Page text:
Skip navigation

Ocean Chemistry on the JCR – March 21st 2012

Douglas Hamilton, University of East Anglia

Water chemistry is employed during cruises to look for various things of interest to Oceanographers like temperature, salinity, dissolved oxygen and chlorophyll.

Temperature and salinity can be used to tell us something about where the water comes from, for example warmer water originates from the hotter equator and colder water from the poles. Salinity is a measure of how “salty” the water is; new fresh water from ice melting for example lowers this, whereas evaporating water at the tropics raises this value. Salty water is of particular interest in understanding global ocean movements as it is heavier than fresh water and sinks, helping to create an ocean transport system around the world.

Dissolved oxygen and chlorophyll can be used as a measure of how biologically productive an area is. Levels of chlorophyll are related to microscopic phytoplankton (tiny plants) that live near the surface of the ocean.

Phytoplankton create their own food much the same as their larger relatives on the land, using photosynthesis to harvest the power of the sun to create sugars. Chlorophyll levels are of interest to researchers in many fields, both biological and chemical. In areas of upwelling, where water is brought up from the depths of the ocean, it carries with it essential nutrients for the phytoplankton to grow. A high chlorophyll count can help show where these nutrient upwelling regions are, or alternatively where nutrients from the atmosphere are entering through the surface of the ocean. As photosynthesis uses up carbon dioxide, the phytoplankton could help in a small way to lowering global warming if there is enough of them in the right area. Polar regions have some the highest chlorophyll levels in the world, helping to provide a strong start to the food chain and feed the large range of life living below the surface. Oxygen in the oceans is an essential part of animal life in the seas as much as on land, low levels can be potentially dangerous to many species. It is important for the safe future of all Oceans that we keep recording all these things and further develop our understanding of how these great blue oceans work.

The water to be analysed is collected using a piece of apparatus called a “CTD” which is lowered on a steel wire to the ocean depths. This consists of thick grey plastic tubes called Niskins that are mounted on a steel frame called a Rosette. A maximum of 24 Niskins can be “fired” at any given depth from a chosen location. Each Niskin collects the sample of the water traversing through it by snapping shut two water tight bungs at either end.  It is common practice to collect the water as the Rosette is ascending to the surface, this is because areas of interest spotted on the descent can be the ones captured. This water is then analysed onboard the ship using different techniques. Oxygen is measured by titration using the Winkler method which traps all the oxygen in the water. Chlorophyll is measured by filtering the water through filter paper and measuring the green bits in leftover cells with a fluorometer. Salinity is tested with a clever instrument that measures all the various salts within the water.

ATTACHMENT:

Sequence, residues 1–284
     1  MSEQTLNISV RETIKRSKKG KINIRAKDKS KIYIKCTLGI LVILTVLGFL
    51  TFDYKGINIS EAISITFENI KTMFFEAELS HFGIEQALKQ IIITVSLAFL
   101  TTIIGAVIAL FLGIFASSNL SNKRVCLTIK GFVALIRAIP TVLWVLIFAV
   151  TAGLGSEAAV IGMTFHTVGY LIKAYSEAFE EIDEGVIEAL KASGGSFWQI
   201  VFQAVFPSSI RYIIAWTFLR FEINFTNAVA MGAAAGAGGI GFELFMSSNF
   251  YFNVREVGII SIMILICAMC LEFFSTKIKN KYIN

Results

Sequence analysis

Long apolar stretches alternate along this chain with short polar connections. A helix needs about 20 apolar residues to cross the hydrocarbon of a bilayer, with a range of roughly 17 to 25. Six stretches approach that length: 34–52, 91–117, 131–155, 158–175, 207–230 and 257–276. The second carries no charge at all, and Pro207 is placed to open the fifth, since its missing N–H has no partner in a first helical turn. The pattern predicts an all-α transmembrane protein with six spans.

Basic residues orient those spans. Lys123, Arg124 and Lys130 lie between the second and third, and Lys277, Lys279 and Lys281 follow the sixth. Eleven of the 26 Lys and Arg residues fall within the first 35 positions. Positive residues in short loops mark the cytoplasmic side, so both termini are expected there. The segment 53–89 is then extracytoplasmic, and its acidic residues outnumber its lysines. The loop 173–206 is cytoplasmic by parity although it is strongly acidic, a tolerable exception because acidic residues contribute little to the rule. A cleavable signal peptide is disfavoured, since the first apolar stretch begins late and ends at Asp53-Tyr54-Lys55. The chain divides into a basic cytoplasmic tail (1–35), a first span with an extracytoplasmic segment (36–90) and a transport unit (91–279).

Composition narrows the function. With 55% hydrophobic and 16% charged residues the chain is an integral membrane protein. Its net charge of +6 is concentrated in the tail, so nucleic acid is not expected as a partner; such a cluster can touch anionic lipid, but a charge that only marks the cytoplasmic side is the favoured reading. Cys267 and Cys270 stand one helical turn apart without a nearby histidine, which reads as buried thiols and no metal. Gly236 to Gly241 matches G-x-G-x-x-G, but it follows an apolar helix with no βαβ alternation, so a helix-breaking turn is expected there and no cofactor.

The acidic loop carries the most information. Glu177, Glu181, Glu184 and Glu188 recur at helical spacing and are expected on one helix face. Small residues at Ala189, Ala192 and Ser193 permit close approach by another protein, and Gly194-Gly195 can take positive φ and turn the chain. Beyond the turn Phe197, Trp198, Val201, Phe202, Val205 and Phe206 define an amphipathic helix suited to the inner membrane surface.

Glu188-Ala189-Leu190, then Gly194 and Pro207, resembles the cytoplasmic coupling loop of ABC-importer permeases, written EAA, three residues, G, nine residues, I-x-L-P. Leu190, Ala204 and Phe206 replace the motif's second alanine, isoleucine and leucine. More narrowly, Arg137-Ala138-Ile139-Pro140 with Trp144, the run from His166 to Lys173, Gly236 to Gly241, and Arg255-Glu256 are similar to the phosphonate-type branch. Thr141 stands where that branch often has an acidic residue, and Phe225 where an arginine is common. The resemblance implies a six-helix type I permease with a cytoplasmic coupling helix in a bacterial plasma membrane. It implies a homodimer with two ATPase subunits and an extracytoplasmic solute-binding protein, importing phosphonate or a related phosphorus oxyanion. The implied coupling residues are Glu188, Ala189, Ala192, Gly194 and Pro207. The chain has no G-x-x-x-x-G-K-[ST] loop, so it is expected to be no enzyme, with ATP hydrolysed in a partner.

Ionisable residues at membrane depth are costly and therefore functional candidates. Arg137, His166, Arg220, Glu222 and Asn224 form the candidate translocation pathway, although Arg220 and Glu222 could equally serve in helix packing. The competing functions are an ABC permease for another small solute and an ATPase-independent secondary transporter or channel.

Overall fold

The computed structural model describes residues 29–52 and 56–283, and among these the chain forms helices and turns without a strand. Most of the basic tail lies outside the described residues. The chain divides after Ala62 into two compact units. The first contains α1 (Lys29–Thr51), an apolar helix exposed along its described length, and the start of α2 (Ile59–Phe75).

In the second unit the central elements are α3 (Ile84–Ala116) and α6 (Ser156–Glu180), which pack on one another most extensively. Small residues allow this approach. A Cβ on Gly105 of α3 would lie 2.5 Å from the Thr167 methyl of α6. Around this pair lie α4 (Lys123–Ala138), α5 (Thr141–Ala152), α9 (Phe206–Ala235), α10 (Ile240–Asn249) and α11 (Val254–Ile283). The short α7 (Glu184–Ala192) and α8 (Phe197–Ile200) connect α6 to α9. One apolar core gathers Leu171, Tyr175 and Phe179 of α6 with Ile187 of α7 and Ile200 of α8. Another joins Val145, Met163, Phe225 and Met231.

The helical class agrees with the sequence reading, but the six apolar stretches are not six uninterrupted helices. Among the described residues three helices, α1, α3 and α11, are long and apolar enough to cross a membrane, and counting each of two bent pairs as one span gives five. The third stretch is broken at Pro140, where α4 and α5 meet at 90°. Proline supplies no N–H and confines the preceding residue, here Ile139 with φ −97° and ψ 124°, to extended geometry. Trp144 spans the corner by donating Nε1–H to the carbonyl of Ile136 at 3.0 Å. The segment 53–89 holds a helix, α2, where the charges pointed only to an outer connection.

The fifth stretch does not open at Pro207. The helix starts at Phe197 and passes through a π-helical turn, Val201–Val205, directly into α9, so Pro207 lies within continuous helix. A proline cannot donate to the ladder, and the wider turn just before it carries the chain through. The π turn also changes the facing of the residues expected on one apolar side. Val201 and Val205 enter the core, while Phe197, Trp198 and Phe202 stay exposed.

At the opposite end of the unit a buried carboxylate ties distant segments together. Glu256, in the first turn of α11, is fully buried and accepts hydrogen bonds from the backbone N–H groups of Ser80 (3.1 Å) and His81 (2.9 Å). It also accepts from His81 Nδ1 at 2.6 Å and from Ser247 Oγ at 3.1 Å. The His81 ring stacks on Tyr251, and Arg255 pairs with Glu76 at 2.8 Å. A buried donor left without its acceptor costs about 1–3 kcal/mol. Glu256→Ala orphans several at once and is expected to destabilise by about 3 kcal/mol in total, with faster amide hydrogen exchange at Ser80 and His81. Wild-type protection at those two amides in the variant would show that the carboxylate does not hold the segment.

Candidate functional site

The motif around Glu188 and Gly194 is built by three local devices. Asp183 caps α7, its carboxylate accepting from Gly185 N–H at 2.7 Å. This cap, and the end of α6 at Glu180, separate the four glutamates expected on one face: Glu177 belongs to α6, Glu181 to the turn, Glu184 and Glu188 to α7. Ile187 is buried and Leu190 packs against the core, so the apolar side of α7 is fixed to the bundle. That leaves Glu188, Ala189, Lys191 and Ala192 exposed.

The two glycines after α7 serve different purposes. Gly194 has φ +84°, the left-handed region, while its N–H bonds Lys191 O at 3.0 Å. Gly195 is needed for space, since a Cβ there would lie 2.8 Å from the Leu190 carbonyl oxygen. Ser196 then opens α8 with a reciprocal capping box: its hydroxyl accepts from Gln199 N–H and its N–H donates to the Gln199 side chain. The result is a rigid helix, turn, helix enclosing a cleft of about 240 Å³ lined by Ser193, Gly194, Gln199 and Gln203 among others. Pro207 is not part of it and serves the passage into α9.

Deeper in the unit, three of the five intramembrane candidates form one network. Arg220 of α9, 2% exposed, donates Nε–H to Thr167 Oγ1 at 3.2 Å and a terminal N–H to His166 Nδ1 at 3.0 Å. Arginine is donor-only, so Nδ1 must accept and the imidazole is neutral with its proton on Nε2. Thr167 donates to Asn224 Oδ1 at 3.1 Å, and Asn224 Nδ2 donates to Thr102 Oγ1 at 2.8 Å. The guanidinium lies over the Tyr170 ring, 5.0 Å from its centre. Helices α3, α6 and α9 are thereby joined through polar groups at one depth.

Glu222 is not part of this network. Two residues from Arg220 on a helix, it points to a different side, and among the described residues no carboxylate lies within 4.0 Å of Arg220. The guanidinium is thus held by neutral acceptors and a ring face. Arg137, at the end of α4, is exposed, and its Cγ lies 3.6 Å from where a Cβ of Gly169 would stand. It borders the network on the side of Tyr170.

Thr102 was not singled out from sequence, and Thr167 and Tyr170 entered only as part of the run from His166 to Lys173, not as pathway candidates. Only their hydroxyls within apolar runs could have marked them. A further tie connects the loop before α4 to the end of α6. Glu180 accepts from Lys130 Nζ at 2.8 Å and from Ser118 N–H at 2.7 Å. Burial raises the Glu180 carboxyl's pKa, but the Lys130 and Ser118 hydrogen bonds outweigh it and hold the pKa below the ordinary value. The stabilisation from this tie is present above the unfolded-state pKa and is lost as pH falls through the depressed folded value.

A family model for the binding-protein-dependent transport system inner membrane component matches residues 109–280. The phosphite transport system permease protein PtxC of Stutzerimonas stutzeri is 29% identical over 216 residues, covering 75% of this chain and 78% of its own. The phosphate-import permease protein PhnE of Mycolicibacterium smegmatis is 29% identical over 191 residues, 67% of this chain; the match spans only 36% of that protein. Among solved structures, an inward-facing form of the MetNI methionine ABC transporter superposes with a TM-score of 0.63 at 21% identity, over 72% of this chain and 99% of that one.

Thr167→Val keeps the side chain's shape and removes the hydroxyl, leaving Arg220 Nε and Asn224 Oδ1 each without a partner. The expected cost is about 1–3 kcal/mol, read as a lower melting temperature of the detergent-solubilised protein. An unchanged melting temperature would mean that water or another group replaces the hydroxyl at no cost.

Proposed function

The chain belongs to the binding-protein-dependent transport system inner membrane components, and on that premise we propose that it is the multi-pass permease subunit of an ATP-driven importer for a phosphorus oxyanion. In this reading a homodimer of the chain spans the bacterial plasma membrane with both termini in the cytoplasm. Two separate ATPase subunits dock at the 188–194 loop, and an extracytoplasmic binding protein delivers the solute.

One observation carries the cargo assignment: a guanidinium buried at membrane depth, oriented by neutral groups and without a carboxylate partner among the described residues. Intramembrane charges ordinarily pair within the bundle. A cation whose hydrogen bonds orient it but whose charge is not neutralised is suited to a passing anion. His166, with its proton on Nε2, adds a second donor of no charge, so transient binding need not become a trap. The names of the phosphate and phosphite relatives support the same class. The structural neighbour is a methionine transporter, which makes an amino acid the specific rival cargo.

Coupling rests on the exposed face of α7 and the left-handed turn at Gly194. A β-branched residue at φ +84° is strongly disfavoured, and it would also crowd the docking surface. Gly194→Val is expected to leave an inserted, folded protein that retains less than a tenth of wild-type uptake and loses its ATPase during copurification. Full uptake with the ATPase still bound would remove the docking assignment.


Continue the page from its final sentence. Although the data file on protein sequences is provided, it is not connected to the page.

Sending the Conductivity-Temperature-Depth (CTD) recorder into the Weddell Sea to collect oceanography data. Photo: Melanie Mackenzie, Museum Victoria

Sending the Conductivity-Temperature-Depth (CTD) recorder into the Weddell Sea to collect oceanography data. Photo: Melanie Mackenzie, Museum Victoria

Douglas Hamilton (University of East Anglia) doing some water chemistry. Photo: Jim Rudd.

Douglas Hamilton (University of East Anglia) doing some water chemistry. Photo: Jim Rudd.

Position Report for Entry

Latitude: 52° 19′ S
Longitude: 57° 12′ W
Cruise Number: (not entered)
Heading: 286.37°
Wind:
Air Temperature: 3.1°C
Sea Temperature: 6.7°C
Pressure: 993.31 hPa
This entry was posted in Uncategorized. Bookmark the permalink.

Comments are closed.